What are ASU organizations doing to educate Arizona voters?

New Maricopa County Recorder and ASU clubs help to bring out ASU students to vote on Nov. 7

On Nov. 7 the Arizona electorate voted for several ballot measures that served as the first test of Maricopa County Recorder Adrian Fontes' push for voter engagement, especially in youth — an effort also undertaken by clubs and foundations on campus.

Sending out newsletters to their followers on social media twice a month and informing members at their meetings, the Political Literates club at ASU looks to inform voters in the most unbiased way possible about politicians and political events "with no adjectives" said Trevor Tumas, the club's president, said.

Erick Fowler

Graphic published on Sunday, Nov. 12, 2107. 

"A lot of people feel that those (in the mainstream media) have a specific rhetoric that is alienating — whether it's true or not — it's attached to that bias," Tumas said. 

Tumas, a junior studying data analytics computer information systems, founded the club in August.

Victoria Grijalva Ochoa, an ambassador for the Andrew Goodman Foundation and a public policy junior said many students are passionate about politics and looking how to get involved.

"We know that a lot of students are passionate about certain aspects of policy, but they don't really know how to get involved, or they don't know the detailed processes," Grijalva said. "So a lot of the work that we do is making sure that students find those connections between what they care about and what they are passionate about."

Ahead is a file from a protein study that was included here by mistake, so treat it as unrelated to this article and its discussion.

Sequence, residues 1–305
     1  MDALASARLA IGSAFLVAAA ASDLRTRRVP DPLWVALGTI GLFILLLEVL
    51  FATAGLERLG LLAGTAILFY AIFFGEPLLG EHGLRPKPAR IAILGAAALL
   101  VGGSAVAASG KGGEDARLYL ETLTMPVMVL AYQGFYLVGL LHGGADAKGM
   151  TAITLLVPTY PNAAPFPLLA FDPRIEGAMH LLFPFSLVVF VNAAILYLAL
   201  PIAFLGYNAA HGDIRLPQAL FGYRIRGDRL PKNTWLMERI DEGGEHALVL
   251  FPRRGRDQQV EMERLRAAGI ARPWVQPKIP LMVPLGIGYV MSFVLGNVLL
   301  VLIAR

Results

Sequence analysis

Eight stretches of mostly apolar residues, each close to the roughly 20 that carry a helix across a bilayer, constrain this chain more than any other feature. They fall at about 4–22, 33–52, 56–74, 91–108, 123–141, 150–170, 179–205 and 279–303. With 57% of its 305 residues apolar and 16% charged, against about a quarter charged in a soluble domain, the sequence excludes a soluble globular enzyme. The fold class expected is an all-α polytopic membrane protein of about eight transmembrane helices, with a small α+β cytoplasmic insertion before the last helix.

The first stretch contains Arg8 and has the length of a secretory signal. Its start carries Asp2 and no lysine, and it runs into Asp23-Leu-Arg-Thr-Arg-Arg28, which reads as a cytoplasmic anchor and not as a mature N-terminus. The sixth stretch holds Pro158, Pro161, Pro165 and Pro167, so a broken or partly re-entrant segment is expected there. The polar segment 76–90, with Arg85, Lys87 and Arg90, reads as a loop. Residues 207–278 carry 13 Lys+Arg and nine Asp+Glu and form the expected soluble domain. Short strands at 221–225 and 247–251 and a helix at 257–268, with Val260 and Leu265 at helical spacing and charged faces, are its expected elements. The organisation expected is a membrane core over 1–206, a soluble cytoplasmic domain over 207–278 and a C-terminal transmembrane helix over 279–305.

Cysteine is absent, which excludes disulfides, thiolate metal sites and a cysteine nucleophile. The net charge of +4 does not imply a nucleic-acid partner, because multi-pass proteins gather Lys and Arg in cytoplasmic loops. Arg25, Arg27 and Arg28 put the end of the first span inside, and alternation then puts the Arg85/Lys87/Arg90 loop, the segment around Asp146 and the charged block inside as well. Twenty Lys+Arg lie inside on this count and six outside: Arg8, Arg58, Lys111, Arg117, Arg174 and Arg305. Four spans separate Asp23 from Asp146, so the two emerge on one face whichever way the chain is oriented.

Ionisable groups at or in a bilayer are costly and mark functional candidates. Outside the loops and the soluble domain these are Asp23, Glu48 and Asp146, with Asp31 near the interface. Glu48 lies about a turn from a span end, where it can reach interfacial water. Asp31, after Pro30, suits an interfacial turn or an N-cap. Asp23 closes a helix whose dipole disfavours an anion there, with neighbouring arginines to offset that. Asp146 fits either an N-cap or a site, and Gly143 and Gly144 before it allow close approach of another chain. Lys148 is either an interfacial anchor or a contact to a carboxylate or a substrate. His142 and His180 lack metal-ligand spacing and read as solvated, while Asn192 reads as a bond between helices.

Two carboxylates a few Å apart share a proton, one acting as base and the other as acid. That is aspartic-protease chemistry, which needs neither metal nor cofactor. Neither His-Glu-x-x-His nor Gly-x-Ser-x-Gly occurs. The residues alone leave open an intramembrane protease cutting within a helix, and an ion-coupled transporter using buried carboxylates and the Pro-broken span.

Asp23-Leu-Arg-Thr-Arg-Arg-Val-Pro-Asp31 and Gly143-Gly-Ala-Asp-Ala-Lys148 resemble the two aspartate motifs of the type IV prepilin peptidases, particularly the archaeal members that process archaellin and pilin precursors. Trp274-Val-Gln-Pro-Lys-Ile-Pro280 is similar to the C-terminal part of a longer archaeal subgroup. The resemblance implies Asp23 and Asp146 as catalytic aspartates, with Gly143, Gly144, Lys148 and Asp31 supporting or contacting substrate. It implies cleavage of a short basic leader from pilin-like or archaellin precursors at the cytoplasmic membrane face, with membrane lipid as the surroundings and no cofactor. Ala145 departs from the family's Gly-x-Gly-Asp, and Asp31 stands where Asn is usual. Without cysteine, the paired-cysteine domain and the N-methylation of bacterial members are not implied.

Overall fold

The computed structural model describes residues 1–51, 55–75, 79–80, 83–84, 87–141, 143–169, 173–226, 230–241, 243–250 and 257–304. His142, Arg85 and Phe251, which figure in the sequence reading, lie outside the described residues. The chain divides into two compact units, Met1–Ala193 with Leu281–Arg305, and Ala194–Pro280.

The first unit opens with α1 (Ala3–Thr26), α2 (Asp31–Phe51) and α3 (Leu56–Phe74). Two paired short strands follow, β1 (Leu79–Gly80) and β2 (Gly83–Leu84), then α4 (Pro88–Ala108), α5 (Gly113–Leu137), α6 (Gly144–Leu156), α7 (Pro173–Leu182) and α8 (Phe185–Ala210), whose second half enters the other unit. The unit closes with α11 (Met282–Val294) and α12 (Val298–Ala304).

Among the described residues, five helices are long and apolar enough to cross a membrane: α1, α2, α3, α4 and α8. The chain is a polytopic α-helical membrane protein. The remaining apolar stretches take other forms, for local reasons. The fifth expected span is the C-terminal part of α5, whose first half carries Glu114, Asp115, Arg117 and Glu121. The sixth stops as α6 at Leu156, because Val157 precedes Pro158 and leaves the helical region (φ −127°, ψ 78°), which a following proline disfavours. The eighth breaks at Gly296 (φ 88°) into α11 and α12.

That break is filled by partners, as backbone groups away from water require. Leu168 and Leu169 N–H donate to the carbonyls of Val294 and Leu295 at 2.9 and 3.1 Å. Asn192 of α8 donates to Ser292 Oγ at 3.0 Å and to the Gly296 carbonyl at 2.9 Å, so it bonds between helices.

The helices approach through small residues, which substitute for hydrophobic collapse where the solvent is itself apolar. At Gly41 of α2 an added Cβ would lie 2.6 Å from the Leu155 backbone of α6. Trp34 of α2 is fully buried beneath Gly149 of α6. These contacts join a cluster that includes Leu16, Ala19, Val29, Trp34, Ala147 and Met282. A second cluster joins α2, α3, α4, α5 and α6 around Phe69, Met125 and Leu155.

Created two years after the Ku Klux Klan murdered its namesake in 1964 for registering African Americans to vote, the Andrew Goodman Foundation also seeks to educate and engage students politically. 

Focusing on the youth vote, the Andrew Goodman Foundation seeks to register as many college students as possible, Ochoa said. The foundation participated in National Voter Registration Day and helped more than 50 students join the voting process, she said.

Fontes, the county recorder, promised to improve access to voting in his campaign by increasing the number of voting booths and utilizing more mail-in ballots, according to his website. Maricopa elections on Thursday were done entirely by mail-in ballot, but the recorder's office still had voting booths for those who wanted to turn in their ballots in person. 

Millennials make up 13 percent of the total eligible, active voters according to the Maricopa County Recorder's Office data obtained by The State Press. The office reports that nearly 11,000 votes were cast by 18-to 25-year-olds in the Nov. 2017 election, 8 percent of the eligible voters in that age range. 

Fontes said that it is important to remember millennials represent such a large — and growing — percentage of the vote.

"Taxes are going to the government, and the folks in government are spending it," he said. "Their budgeting priorities are the moral statement that reflects the electorate." 


Reach the reporter at cbudnies@asu.edu or follow @ChaseHBudnies on Twitter.

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